FFRF to Supreme Court: Get rid of death penalty
Abolish capital punishment, the Freedom From Religion Foundation and its allies are asking the U.S. Supreme Court.
FFRF’s friend-of-the-court brief on Sept. 27 in the Ramirez v. Collier case (which deals with religious access) argues that the death penalty is unjustified in a secular nation such as the United States, since it stems in part from biblical roots, and is unconstitutional under the First and Eighth Amendments.
Ramirez v. Collier has been in the news recently because of the Supreme Court’s seeming willingness to make a religious allowance for the death-row inmate.
“The Supreme Court agreed to postpone the execution of John Ramirez, who was scheduled to die on Wednesday [Sept. 8] in Texas,” reports SCOTUSblog. “The last-minute respite will allow the justices to fully consider Ramirez’s request that his pastor be allowed to physically touch Ramirez and audibly pray in the execution chamber while Ramirez is put to death.”
FFRF’s brief asserts that the issue before the court is Kafkaesque because the law is quibbling over Ramirez’s constitutional rights moments before it takes them away forever. Also, if there is going to be an execution, FFRF maintains, any rule the court hands down should apply to the nonreligious.
The brief makes a number of cogently argued points.
First, it contends, the Supreme Court should hold that capital punishment is unconstitutional, since the current application of the death penalty as a punishment in America is fraught with peril — from its unreliability to its arbitrariness to its cruelty. And of all the ways a state could impermissibly interfere with someone’s free exercise of religion, killing them is certainly the worst way.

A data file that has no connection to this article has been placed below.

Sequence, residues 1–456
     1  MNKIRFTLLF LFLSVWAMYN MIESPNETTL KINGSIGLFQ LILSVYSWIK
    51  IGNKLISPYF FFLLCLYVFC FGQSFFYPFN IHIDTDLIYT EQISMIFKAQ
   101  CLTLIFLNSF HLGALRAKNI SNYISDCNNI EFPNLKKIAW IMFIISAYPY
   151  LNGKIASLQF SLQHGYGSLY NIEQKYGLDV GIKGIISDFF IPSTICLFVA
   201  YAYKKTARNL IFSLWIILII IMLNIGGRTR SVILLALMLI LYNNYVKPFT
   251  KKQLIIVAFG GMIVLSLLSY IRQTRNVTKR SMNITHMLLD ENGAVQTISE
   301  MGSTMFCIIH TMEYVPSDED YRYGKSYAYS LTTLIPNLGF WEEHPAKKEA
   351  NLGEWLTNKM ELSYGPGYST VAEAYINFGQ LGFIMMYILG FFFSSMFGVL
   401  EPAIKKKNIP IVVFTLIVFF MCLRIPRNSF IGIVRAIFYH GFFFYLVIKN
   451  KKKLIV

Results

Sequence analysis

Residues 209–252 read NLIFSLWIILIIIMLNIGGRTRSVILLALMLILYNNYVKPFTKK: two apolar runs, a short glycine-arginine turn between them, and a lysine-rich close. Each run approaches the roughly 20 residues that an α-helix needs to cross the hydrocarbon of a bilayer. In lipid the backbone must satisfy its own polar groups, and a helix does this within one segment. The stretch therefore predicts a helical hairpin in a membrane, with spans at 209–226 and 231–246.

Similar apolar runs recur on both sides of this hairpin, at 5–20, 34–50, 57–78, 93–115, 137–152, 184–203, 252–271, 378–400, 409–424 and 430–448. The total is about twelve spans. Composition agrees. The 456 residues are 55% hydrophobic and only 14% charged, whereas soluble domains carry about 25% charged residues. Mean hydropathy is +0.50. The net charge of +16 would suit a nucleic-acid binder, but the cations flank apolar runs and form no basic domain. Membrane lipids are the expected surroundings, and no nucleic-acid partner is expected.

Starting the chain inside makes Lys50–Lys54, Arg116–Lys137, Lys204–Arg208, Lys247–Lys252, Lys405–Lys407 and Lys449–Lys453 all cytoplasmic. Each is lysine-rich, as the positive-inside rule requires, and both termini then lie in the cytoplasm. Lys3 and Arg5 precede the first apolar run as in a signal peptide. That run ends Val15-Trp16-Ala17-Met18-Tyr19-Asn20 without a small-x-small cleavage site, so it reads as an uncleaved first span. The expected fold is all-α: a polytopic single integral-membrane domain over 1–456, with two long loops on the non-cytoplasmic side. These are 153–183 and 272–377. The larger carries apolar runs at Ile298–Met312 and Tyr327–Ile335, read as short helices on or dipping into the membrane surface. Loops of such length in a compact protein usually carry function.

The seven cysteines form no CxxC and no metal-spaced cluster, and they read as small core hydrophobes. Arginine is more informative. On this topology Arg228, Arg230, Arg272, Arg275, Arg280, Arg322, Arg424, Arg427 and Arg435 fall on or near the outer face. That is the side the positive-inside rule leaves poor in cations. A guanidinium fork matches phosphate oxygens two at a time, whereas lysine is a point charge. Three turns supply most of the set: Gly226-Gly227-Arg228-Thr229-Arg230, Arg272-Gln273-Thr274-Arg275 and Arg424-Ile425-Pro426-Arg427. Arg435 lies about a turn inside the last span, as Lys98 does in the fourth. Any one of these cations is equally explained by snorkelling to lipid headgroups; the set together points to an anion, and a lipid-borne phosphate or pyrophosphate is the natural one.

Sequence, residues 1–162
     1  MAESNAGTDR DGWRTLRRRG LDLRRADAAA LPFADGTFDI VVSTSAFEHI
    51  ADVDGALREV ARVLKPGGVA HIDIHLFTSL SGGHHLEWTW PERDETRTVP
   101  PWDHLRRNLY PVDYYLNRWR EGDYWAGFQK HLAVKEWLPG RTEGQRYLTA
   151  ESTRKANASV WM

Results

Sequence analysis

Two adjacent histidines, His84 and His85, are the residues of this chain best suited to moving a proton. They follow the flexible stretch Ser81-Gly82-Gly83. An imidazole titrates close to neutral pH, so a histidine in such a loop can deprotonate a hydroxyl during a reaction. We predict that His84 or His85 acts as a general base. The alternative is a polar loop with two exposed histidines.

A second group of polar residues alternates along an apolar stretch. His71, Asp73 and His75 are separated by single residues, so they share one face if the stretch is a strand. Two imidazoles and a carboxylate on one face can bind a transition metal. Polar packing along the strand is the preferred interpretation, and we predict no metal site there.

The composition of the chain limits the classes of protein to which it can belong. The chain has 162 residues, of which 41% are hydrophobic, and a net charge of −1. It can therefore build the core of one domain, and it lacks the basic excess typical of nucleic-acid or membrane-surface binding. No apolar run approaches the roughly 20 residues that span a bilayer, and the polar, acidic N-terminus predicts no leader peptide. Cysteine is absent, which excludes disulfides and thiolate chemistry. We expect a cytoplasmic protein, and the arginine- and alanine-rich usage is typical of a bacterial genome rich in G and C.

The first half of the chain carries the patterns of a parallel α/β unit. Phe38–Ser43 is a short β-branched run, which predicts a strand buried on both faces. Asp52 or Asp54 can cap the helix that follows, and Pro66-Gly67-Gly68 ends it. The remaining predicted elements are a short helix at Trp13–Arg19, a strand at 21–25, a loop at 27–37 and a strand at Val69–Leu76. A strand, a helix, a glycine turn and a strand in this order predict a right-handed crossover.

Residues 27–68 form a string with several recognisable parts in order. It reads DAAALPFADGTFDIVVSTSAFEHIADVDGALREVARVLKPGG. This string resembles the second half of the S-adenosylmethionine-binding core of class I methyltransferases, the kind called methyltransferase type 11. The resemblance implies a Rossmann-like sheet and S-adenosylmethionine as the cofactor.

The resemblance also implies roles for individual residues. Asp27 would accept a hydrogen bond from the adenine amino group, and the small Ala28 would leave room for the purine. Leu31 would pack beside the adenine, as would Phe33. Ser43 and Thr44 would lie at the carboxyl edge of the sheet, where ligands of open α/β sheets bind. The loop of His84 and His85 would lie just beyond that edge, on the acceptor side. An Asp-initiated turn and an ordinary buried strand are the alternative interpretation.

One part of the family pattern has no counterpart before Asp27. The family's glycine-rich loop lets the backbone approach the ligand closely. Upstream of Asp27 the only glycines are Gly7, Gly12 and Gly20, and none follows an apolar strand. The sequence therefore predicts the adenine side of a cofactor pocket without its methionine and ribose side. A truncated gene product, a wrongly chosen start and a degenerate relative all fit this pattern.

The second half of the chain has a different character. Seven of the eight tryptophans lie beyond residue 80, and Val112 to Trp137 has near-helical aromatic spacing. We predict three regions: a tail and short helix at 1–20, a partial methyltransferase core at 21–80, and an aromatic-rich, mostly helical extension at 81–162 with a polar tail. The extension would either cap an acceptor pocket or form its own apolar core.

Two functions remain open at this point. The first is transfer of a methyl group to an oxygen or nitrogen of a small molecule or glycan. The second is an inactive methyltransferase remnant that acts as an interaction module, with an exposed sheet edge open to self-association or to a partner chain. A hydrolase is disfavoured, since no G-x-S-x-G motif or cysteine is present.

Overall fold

Second, FFRF asserts that the biblically based death penalty should be rejected once and for all. While the root of capital punishment may not be solely biblical, in the Western world the bible’s primitive “eye for an eye, life for a life” injunctions in both the Hebrew and New Testament bibles have been a major sourcebook for the death penalty. The Christian church, in particular, “has played a significant role in validating the state’s use of capital punishment,” as scholar Davison M. Douglas points out.
Third, FFRF’s brief posits that if executions are allowed to take place, end-of-life accommodations must be equally available. A long string of unbroken precedent holds that neither may the government officially favor one religion over another nor may it favor religion over nonreligion. If the court chooses to allow state-sponsored killings to continue, it must ensure that end-of-life accommodations are made equally available to those of all religions and those with no religion at all.
FFRF’s interest in this case arises from its position that capital punishment is an unconstitutional, inhumane imposition of a religiously based punishment. In modern times, freethinkers have been the first to speak out for the abolition of the death penalty. The overwhelming majority of FFRF’s membership opposes the death penalty, according to its 2020 survey.
FFRF Legal Director Rebecca Markert and FFRF Staff Attorney Ryan Jayne drafted the amicus brief for the organization. The American Humanist Association and American Atheists are the other groups that have joined in FFRF’s brief.